10 Best Edgar Allan Poe Poems

Edgar Allen Poe, a famous mystery and horror story writer, is also known as one of the greatest poets. Interestingly, his poetry also revolves around mysterious figures, esoteric events, and horrible events or terrible situations. Some of his best poems are given below.

Poem 1: Annabel Lee

Annabel Lee stands at the top among his best poems as it is speculatively based on various figures who had personal relationships with Edgar Allen Poe. It is because of the theme of death and love, stanza format, storyline, the character of Annable as well as the way the poem loves her. The description of the kingdom by the sea, the maiden, the way the poet used to love her during his childhood, her death, and the memory of her death add further to the magic of the poem. The poet has sparingly used metaphors, similes, rhythm, rhyme scheme, and stanza form to support his theme as well as the storyline. Some of its popular lines are as given below.

  1. And this maiden she lived with no other thought / Than to love and be loved by me.
  2. I was a child and she was a child.
  3. But we loved with a love that was more than love.
  4. But our love it was stronger by far than the love.

Poem 2: Alone

This short poem written in 1928 stands among the best poems by Edgar Allen Poe. It is because of the autobiographical undertones used in it. The poet has undergone various crises during his lifetime but he had not known to express any crises related to his life in his stories and poems. Therefore, he resorted to poetic output and his thoughts emerged in the shape of this poem. His loneliness, differences, suffering, and mystery kept Poe busy in his creative work. The poem is not only about childhood, but also about his sorrows, joys, his stormy life, and short pauses of happiness. He has beautifully used themes of life and death, heroic couplets, similes, and metaphors to bring make his readers see his point of view. Some of the important lines of the poem are as given below.

  1. And others saw – I could not bring / My passions from a common spring
  2. Then – in my childhood – in the dawn / Of a most story life – was drawn.
  3. And the cloud that took the form.

Poem 3: A Dream Within a Dream

The poem has two six-lined stanzas. This beautiful poem first appeared in 1849. The main theme of the poem is the way that the poet has passed his life and the time that has flown away or slipped out of his hands. From the first line, it seems musings of a lover that wants the beloved to part away with a kiss but the next lines seem to express his life experience about the infidelity and transient nature of time.  The interesting point is the use of connotations, denotations, similes as well as metaphors to show that the poet is an expert in handling his theme through his poetic output. The most popular lines of the poem are as follows.

  1. All that we see or seem to see / Is but a dream within a dream.
  2. And I hold within my hand / Grains of the golden sand –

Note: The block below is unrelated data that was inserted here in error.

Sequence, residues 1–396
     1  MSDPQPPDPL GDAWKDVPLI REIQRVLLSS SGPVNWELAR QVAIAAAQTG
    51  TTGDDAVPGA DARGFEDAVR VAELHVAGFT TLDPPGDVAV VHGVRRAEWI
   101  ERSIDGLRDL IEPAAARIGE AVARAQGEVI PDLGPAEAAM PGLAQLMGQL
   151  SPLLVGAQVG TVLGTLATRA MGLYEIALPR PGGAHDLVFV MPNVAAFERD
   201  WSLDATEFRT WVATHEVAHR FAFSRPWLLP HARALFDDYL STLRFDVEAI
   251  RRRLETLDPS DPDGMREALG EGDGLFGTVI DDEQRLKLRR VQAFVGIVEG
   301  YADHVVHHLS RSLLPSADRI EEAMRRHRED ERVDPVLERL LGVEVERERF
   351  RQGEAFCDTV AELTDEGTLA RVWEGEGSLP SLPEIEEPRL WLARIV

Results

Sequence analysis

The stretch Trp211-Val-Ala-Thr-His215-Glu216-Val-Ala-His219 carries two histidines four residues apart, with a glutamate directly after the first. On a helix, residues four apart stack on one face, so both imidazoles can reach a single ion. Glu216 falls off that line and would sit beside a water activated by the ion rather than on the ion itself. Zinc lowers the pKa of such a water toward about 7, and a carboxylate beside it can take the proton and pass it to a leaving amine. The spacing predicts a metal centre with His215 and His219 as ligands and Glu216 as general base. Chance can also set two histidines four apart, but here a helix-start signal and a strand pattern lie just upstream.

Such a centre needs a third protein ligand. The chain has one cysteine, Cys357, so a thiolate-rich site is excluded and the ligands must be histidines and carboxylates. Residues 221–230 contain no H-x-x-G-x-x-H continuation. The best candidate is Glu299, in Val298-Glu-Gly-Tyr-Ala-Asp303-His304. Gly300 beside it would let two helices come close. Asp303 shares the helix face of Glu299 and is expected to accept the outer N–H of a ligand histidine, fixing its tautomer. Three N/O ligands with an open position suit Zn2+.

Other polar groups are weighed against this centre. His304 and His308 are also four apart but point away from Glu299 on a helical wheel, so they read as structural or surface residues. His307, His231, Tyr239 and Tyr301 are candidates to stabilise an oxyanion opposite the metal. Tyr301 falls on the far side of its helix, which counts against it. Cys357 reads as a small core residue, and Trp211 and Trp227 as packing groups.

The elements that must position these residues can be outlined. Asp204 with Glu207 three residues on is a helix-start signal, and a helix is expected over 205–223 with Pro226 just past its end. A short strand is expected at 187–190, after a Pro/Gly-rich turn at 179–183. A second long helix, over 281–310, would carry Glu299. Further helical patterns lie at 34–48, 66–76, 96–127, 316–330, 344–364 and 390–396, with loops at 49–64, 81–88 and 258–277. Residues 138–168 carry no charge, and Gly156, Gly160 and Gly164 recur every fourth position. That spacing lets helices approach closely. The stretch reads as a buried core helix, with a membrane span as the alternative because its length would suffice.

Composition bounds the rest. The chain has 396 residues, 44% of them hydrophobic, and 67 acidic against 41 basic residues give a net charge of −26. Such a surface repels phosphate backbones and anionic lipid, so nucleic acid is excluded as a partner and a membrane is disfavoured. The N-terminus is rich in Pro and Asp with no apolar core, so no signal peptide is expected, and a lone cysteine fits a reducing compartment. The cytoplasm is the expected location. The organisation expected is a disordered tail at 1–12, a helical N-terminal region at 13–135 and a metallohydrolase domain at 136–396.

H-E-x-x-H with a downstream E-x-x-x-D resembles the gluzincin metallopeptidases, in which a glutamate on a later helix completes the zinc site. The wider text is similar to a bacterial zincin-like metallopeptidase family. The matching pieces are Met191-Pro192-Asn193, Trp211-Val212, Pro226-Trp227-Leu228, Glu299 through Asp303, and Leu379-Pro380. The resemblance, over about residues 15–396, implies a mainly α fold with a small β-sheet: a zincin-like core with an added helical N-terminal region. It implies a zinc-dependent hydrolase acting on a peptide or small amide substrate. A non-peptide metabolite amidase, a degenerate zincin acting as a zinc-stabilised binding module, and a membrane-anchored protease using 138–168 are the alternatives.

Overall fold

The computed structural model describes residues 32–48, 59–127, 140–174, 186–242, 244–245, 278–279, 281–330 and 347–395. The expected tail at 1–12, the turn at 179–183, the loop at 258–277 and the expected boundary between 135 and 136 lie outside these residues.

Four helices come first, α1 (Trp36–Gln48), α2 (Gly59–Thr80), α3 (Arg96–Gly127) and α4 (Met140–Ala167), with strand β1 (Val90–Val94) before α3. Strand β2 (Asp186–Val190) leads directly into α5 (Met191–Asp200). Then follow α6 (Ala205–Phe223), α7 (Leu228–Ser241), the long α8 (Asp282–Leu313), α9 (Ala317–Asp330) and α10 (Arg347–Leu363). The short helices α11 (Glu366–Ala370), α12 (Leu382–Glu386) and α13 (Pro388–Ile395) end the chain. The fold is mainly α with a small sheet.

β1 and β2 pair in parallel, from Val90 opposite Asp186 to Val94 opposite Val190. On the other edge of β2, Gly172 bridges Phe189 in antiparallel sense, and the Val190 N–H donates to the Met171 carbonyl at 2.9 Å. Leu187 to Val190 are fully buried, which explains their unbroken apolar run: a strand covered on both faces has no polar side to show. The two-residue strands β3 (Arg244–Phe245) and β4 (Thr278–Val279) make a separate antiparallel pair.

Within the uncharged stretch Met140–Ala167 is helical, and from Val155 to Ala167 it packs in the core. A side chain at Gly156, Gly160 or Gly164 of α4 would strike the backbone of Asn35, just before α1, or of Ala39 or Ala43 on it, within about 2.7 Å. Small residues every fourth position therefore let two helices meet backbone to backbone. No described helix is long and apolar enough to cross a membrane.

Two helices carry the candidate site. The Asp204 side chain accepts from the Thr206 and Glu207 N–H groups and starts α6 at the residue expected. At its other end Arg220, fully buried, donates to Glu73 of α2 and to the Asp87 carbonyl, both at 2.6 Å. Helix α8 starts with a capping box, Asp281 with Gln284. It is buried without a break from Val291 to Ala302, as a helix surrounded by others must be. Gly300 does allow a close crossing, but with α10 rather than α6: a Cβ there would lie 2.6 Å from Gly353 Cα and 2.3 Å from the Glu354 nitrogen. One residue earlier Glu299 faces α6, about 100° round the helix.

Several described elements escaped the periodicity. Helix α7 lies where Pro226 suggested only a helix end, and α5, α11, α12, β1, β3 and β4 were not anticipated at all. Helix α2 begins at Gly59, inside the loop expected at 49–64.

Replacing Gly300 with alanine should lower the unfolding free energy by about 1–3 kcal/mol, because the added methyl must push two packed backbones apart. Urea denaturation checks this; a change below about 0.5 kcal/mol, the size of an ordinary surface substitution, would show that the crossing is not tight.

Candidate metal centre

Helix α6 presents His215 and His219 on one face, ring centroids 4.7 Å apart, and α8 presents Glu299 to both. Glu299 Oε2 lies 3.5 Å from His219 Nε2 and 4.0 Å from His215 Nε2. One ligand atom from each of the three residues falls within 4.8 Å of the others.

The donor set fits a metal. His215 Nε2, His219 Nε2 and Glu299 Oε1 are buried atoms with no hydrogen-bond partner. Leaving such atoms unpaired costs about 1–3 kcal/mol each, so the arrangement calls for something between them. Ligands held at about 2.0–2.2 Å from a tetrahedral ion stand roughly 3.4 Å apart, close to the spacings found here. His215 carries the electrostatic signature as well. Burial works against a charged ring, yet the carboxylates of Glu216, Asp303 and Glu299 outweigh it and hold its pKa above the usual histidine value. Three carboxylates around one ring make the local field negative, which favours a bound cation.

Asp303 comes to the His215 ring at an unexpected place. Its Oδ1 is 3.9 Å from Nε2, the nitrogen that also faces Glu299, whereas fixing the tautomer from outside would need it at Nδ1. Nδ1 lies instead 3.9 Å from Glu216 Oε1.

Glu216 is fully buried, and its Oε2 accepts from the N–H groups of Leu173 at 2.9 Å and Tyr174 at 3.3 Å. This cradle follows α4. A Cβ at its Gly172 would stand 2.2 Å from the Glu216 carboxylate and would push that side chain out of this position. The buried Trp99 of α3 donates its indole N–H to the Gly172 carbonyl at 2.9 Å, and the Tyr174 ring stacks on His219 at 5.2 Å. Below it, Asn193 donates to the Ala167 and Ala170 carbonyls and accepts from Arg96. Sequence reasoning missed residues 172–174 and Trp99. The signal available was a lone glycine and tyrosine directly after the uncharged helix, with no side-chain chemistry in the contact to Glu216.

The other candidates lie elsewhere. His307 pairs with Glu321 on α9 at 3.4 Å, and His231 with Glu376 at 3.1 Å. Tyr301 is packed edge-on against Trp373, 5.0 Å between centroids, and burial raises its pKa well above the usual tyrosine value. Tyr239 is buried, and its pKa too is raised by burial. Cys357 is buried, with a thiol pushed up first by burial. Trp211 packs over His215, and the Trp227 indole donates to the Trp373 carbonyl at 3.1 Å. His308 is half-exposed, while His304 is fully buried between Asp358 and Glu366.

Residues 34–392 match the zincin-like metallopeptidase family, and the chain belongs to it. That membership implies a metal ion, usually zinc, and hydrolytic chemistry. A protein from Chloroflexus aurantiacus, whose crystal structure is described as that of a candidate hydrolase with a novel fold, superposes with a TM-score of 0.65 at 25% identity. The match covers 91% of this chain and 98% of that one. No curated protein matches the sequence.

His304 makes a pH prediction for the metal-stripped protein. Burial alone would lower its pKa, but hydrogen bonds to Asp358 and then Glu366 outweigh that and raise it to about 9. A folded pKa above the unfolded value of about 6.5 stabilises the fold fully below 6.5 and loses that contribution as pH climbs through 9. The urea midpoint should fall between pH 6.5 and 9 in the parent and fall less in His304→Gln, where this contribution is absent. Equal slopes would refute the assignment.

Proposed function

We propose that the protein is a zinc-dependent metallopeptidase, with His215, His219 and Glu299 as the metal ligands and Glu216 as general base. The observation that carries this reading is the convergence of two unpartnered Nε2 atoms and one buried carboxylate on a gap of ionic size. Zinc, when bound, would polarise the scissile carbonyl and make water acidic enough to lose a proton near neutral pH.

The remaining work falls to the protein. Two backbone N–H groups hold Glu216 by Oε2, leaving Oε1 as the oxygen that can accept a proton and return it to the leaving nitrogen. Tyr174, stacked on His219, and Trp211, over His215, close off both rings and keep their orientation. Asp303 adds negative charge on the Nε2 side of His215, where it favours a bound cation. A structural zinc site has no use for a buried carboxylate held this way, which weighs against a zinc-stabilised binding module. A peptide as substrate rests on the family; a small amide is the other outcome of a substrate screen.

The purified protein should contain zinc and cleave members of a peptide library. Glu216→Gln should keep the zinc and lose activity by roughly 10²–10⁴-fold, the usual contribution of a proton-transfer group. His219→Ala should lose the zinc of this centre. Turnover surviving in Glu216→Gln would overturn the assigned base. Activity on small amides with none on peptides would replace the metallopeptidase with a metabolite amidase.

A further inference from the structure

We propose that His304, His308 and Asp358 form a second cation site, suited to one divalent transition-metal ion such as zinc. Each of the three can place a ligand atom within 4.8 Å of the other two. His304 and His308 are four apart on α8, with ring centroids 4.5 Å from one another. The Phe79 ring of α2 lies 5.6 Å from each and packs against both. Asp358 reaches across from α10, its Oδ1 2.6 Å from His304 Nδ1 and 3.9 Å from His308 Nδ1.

3. O God! Can I not grasp / Them with a tighter clasp?

Poem 4: The Raven

 The Raven has seventeen stanzas and first appeared in 1845. It became a hit on account of its supernatural atmosphere presented by the talking raven, the condition of the distraught lover, and the dialogic form of the storyline presented through poetic language. The chant of “Nevermore” of the raven seems to intensify the agony of the lover, sitting on the statue of Pallas. Borrowing not only the themes but also the bird from a novel and metrical pattern from a Victorian poem, Poe has composed a beautiful narrative storyline in rhythmic stanzas. The poem is studded with classical allusions, mythological references, repetitions, dialogues, metaphors, and similes which have helped this poem to be included among the best poems of Poe. Some of the most popular lines of the poem are as follows.

  1. Once upon a midnight dreary, while I pondered, weak and weary.
  2. Eagerly I wished the morrow;—vainly I had sought to borrow.
  3. Presently my soul grew stronger; hesitating then no longer.
  4. But the silence was unbroken, and the stillness gave no token,

Poem 5: To My Mother

Although late writing was published in 1849, this poem perfectly fits the list with its important theme and use of rich literary devices. The poem also mentions his three close female relatives; his mother, his mother-in-law, and his wife, who all mattered most to Poe. The poem has expressed his devotion not only to his mother but also expressed his intense emotions for his wife by her name and his mother-in-law. The poem becomes significant as he writes about the longing that his mother should have lived instead of dying during his childhood. The loving comparison of his wife, his mother, and his mother-in-law has made this poem interesting, beautiful, and universal. Some of the most popular lines of this poem are as follows.

  1. Because I feel that, in the Heavens above / The angels, whispering to one another.
  2. You who are more than mother unto me.
  3. But that infinity with which my wife / Was dearer to my soul than its soul-life.

Poem 6: Dream-Land